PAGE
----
The controller calculates an amount of NOx reduced based on an amount of ammonia injected by the ammonia injector, wherein information concerning the amount of NOx reduced is employed to monitor an amount of ammonia used, such that it is possible to determine a time when the ammonia will be exhausted. The controller notifies an appropriate party to fill the tank when the ammonia is nearly exhausted, and also calculates and maintains a running account of an amount of ammonia used and an amount of ammonia remaining in the tank.
A further aspect of the invention involves an emission control system for and engine for reducing NOx emissions, comprising an ammonia tank, an ammonia injector and a controller for controlling the ammonia injector, wherein the controller includes a transmitter for transmitting information regarding the amount of ammonia used and the amount of NOx reduced. The controller determines a pressure in the ammonia tank to ensure that it contains ammonia, wherein a lack of pressure in the ammonia tank indicates that the tank is substantially empty. Additionally, the controller determines a pulse-width and frequency of an opening and closing of the ammonia injector, as well as a pressure of the ammonia, in order to calculate an amount of ammonia being used. According to some embodiments, the ammonia tank is refilled when there remains an amount of ammonia in the tank.
These and other features and advantages of the present invention will be appreciated from review of the following detailed description of the invention, along with the accompanying figures in which like reference numerals refer to like parts throughout.
It will be recognized that some or all of the Figures are schematic representations for purposes of illustration and do not necessarily depict the actual relative sizes or locations of the elements shown.
In the following paragraphs, the present invention will be described in detail by way of example with reference to the attached drawings. Throughout this description, the preferred embodiment and examples shown should be considered as exemplars, rather than as limitations on the present invention. As used herein, “the present invention” refers to any one of the embodiments of the invention, or equivalents thereof.
The present invention provides an emission control system for reducing NOx emitted from an engine, by employing a controller that communicates with a plurality of sensors that provide information to the controller. The controller then regulates an amount of ammonia that is introduced into the engine's exhaust gas stream by analyzing the information provided by the plurality of sensors.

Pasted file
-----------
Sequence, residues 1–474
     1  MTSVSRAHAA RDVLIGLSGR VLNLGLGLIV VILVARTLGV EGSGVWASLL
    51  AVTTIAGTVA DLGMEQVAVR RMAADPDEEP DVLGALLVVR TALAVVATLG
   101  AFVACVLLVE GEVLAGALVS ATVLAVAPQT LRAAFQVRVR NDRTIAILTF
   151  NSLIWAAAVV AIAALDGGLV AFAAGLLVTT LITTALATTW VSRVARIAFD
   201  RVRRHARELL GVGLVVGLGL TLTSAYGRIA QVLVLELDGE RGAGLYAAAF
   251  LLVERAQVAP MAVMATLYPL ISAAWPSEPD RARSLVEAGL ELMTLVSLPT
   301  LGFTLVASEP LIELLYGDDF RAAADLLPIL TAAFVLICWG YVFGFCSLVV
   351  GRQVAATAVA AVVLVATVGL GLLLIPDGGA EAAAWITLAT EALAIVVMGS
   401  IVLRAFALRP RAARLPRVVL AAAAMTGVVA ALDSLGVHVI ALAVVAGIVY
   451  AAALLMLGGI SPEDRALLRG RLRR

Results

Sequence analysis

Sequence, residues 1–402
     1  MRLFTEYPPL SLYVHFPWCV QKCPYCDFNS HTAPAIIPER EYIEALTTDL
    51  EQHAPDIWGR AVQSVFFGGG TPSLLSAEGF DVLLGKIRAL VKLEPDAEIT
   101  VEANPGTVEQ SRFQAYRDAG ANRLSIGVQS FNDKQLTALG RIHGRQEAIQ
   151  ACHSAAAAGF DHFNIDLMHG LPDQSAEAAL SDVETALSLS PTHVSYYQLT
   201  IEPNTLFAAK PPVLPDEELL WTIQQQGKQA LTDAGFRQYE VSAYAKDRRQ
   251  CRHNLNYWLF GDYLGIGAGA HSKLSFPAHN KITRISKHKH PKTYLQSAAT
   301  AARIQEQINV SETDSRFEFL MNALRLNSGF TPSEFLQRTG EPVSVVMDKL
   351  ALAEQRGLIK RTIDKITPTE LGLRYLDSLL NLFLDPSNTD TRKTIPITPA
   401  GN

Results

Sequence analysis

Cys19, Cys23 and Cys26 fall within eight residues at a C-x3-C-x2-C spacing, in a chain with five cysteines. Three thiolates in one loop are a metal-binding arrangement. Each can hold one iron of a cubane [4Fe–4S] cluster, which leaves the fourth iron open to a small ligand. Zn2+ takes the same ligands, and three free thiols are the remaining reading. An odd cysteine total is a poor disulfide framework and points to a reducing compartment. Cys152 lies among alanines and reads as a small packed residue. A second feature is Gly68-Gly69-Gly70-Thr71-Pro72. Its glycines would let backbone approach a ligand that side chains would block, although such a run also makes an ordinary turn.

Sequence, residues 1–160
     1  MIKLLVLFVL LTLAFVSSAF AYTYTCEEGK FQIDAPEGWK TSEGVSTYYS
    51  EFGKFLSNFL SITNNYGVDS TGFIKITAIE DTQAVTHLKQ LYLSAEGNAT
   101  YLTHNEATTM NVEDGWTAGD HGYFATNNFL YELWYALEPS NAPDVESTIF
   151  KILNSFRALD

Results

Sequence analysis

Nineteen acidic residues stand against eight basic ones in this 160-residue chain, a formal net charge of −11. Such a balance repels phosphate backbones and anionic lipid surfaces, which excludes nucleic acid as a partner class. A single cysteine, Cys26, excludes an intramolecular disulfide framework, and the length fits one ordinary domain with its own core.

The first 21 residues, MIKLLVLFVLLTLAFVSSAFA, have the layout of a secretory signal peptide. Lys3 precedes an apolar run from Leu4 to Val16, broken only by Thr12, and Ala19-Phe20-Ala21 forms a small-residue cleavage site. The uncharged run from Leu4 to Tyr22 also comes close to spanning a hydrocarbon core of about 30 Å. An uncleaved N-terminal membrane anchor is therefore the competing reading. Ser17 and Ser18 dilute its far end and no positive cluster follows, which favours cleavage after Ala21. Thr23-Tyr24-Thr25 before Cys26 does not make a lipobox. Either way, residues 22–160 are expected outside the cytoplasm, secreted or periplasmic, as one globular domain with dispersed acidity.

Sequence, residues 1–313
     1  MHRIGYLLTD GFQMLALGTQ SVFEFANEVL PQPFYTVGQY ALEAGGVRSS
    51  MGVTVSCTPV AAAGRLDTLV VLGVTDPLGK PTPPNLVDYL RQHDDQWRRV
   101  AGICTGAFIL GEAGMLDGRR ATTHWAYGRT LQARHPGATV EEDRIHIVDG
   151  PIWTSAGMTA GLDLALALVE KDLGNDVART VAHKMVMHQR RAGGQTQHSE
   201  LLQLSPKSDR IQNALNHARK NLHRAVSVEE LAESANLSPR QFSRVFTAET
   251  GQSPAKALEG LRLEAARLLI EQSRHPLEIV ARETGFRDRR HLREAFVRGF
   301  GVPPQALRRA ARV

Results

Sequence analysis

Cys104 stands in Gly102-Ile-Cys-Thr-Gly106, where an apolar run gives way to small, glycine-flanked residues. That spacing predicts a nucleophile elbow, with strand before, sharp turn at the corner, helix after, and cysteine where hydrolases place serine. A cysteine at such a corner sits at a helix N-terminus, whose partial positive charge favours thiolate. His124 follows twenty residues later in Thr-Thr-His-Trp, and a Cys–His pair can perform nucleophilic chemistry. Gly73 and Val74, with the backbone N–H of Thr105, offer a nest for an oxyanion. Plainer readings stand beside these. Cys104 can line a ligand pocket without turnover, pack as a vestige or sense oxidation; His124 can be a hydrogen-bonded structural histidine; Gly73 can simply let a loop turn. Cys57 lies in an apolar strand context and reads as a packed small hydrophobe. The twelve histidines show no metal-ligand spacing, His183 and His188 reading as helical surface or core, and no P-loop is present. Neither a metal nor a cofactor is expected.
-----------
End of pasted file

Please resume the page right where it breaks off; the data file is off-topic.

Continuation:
The present invention can be retrofitted to existing engines, or installed as original equipment. One embodiment of the present invention comprises a diesel engine NOx and PM emission reduction retrofit system. By incorporating a “retrofit” system, the engine owner will achieve immediate and significant reductions in NOx and PM emissions on most diesel, natural gas, and “lean-burn” vehicles, ships, generators, and other equipment that emit NOx. Another embodiment of the present invention may be incorporated into a new engine design.
The present invention may use any form of ammonia, such as urea, aqueous ammonia, or gaseous ammonia, or liquid ammonia. The ammonia is introduced into the exhaust stream to reduce NOx and combines an electronic controlled diffusion system together with a Selective Catalytic Reduction (“SCR”) component. A noticeable reduction in the NOx emission of a diesel motor can be achieved by applying SCR. In the SCR method, ammonia (NH3) is injected into the exhaust stream as a reduction agent. The present invention has already demonstrated its ability on diesel engines to reduce NOx by 75% or more and PM by 40% or more, and CO and HC by 70% or more over most engine operating parameters. In addition, the present invention may also reduce ammonia slip, which is the unintentional emission of ammonia in the exhaust stream. Moreover, simultaneous with the NOx reduction, hydrocarbons (HC), Carbon monoxide (CO) and particulate matter (PM) are reduced.
The ability of ammonia as a reductant to achieve significant reductions of NOx has been well established for over 35 years in stationary power generator applications. The uniqueness of the present invention is its safe and cost effective ability to create substantial reductions of mobile, as well as fixed source NOx emissions.
A preferred embodiment of the invention includes a controller that directs an ammonia injector to emit precise amounts of ammonia into an engine's exhaust stream. This embodiment also comprises a combination of a selective non-catalytic reduction (SNCR), and the above-mentioned selective catalytic reduction (SCR) to create a NOx reduction system that increases the reactive temperature range between the NOx and ammonia from anywhere between 275° Fahrenheit (F.) to about 1200° F. Ammonia is injected into the exhaust system between an engine exhaust manifold and a SCR (selective catalytic reaction) converter, and employs a mixer element to mix the ammonia with the exhaust gases. Preferably, the mixer element comprises a group of blades, fins, tabs, or other suitable components to mix the ammonia with the exhaust gases.